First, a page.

Sir George Simpson students will join thousands around the world Thursday to celebrate all things π.
March 14 is Pi Day. Established by San Francisco physicist Larry Shaw in 1988, the day is an excuse for mathematicians everywhere to celebrate everyone’s favourite irrational number.
Abbreviated as 3.14, pi (or “π”) is the ratio of a circle’s circumference to its diameter, and is constant regardless of the size of the circle.
Pi turns up everywhere in nature and is important in art and architecture, said math teacher Megan Girard, who has helped organize Pi Day at Sir George Simpson for the last decade.
“Any time there’s a circle, you’re going to be thinking about pi.”
Pi Day falls on March 14 as that date abbreviates to 3/14 (pi’s first three digits), reports the San Francisco Exploratorium (the home base of Pi Day). To celebrate it, guests there eat pie and perform the famous Pi Procession, where they march precisely 3.14 times around the Pi Shrine holding the digits of pi mounted on sticks while a computerized voice reads out pi’s digits to the tune of “Pomp and Circumstance.”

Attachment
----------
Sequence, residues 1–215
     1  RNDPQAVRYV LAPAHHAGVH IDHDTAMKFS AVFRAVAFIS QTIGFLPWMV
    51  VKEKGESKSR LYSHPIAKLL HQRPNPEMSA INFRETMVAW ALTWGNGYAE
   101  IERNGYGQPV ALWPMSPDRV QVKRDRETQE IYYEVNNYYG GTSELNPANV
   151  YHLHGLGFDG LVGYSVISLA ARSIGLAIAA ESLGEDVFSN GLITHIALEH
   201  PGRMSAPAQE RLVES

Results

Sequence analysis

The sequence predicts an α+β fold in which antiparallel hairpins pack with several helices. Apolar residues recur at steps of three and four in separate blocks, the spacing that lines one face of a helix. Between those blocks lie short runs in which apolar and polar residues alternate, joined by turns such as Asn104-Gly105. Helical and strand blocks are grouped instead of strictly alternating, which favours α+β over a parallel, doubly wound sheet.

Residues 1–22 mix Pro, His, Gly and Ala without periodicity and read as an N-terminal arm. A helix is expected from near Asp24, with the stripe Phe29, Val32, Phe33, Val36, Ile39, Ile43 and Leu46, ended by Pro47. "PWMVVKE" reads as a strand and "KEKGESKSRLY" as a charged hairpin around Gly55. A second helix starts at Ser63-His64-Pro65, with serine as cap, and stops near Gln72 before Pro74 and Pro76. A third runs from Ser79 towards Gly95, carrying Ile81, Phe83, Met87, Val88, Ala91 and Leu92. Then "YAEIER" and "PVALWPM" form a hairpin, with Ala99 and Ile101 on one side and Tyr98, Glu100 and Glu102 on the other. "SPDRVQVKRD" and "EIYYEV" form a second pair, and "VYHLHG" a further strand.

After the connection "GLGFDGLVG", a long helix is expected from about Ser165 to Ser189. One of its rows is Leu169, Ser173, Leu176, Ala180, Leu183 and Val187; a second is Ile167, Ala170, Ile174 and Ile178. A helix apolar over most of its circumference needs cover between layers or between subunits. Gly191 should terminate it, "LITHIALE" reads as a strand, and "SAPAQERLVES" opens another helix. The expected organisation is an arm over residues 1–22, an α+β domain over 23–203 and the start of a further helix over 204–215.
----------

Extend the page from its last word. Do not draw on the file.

Girard said Simpson students will have pi-related math lessons Thursday before partaking in pie and watching a school-made music video on the number. Some will take part in a relay race replete with circular objects and will compete to see who can recite the most digits of pi.
“Our school record is over 400 digits,” Girard said.
Girard said Pi Day helps make math less intimidating and more memorable for students.
www.exploratorium.edu/pi has more on Pi Day.